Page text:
Genovese Focaccia

Genovese Focaccia | Patisserie Makes Perfect

Genovese Focaccia | Patisserie Makes Perfect

A little while ago I put out a request on instagram, asking people what they’d like to see me bake next. I got a lot of requests for focaccia, this is one of my favourite breads, but I’ve always found it difficult to make.

I tried to make a version a long time ago which had red onions and rosemary on top. It was so dense and the toppings made it almost raw in sections. I was completely put off by the whole process.

Genovese Focaccia | Patisserie Makes Perfect

When I decided to give it another go, I knew I had to do some research. I read up about all of the different varieties of focaccia from all of the different regions of Italy. The main differences seemed to be in the toppings, the Genovese focaccia which has a water and salt layer poured on top for the second prove is much more plain, but equally as delicious as the more elaborate, rosemary, oregano, olive, onion and tomato versions.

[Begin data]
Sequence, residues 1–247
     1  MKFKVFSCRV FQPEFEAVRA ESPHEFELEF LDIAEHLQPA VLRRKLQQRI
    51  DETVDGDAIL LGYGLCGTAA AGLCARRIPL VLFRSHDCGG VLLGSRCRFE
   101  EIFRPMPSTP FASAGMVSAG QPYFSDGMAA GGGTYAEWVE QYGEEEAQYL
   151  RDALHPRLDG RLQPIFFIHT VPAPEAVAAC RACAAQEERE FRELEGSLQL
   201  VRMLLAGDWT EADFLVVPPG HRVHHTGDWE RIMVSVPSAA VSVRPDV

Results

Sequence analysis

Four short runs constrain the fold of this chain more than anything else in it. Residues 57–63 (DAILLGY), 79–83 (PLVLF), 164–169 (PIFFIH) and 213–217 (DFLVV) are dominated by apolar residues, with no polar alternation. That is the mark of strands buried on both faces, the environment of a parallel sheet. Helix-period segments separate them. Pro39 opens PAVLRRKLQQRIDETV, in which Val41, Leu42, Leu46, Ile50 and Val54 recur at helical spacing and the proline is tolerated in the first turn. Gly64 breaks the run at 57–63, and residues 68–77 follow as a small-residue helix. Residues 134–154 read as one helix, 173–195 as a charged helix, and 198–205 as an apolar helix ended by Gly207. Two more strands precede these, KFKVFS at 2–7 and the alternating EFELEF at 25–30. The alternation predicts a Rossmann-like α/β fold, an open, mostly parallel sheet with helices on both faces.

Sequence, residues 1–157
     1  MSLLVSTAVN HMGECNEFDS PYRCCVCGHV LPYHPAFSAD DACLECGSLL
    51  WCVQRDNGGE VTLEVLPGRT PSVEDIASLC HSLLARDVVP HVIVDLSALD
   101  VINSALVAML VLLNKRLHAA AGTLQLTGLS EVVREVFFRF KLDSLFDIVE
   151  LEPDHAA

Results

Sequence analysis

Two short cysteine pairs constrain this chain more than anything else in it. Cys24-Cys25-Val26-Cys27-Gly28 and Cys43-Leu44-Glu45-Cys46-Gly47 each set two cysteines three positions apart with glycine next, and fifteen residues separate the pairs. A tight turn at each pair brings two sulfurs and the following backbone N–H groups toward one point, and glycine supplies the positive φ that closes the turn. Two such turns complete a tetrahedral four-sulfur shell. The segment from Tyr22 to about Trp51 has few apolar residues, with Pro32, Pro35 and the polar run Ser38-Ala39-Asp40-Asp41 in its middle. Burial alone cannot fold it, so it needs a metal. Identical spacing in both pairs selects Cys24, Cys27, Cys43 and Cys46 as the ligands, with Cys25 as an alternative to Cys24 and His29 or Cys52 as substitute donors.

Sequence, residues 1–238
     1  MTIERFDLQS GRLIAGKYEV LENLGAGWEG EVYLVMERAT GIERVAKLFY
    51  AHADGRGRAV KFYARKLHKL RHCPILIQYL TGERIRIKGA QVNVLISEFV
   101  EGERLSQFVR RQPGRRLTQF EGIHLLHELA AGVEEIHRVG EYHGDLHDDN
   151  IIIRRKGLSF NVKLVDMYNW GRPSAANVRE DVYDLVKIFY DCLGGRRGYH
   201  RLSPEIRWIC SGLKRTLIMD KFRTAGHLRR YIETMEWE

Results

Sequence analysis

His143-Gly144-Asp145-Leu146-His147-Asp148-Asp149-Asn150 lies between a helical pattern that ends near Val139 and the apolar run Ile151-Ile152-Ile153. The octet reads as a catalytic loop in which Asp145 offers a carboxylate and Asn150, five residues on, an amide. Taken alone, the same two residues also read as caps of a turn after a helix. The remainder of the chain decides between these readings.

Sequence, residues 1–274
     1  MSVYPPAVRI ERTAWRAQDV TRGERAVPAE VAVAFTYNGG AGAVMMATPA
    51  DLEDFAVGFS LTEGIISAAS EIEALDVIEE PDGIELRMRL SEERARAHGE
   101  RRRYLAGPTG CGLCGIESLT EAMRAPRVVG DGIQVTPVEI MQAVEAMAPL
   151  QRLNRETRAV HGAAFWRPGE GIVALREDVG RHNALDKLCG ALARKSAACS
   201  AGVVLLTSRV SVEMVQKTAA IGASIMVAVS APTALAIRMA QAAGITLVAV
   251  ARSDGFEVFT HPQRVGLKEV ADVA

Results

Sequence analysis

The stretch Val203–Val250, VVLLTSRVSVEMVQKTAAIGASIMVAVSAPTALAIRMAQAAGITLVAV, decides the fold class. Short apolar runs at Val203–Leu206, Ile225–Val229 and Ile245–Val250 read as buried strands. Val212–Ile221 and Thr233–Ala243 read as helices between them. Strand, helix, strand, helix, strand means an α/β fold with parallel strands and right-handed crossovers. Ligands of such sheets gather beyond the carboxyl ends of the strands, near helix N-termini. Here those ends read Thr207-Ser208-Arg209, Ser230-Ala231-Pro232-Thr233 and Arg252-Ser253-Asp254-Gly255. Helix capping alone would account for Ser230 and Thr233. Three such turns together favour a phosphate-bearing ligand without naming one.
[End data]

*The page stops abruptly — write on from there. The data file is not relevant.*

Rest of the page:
I found that some very traditional focaccia recipes use a pre-ferment called a biga, which is similar to a poolish or a sourdough starter. This gives a depth of flavour to the bread and makes it a bit more interesting, especially when you go with the Genovese version, which needs something to stand up against the salt and olive oil. It’s very simple to make and is just a mix of flour, water and yeast that is left to rest at room temperature for a while before making the bread.

Genovese Focaccia | Patisserie Makes Perfect

After all of my research I began with the basics, I would need some tipo 00 flour, Italian olive oil and some good salt. I really would urge you to buy the specific flour for this recipe as it is a finer texture and it makes Italian bread just like you would expect. This flour is easily available from most supermarkets in the UK.

This traditional focaccia uses the Genovese recipe, unsurprisingly from Genoa. The dough is very wet, so I would recommend that you really need a stand mixer to make this bread, so that you are not tempted to add more flour to the recipe. The wet dough is left to prove in an oiled bowl and then shaped, proven once more and then proven for a second time in a salt water crust, which makes the dough bubble up and develop a lovely airy texture and taste.

Genovese Focaccia | Patisserie Makes Perfect

Genovese Focaccia | Patisserie Makes Perfect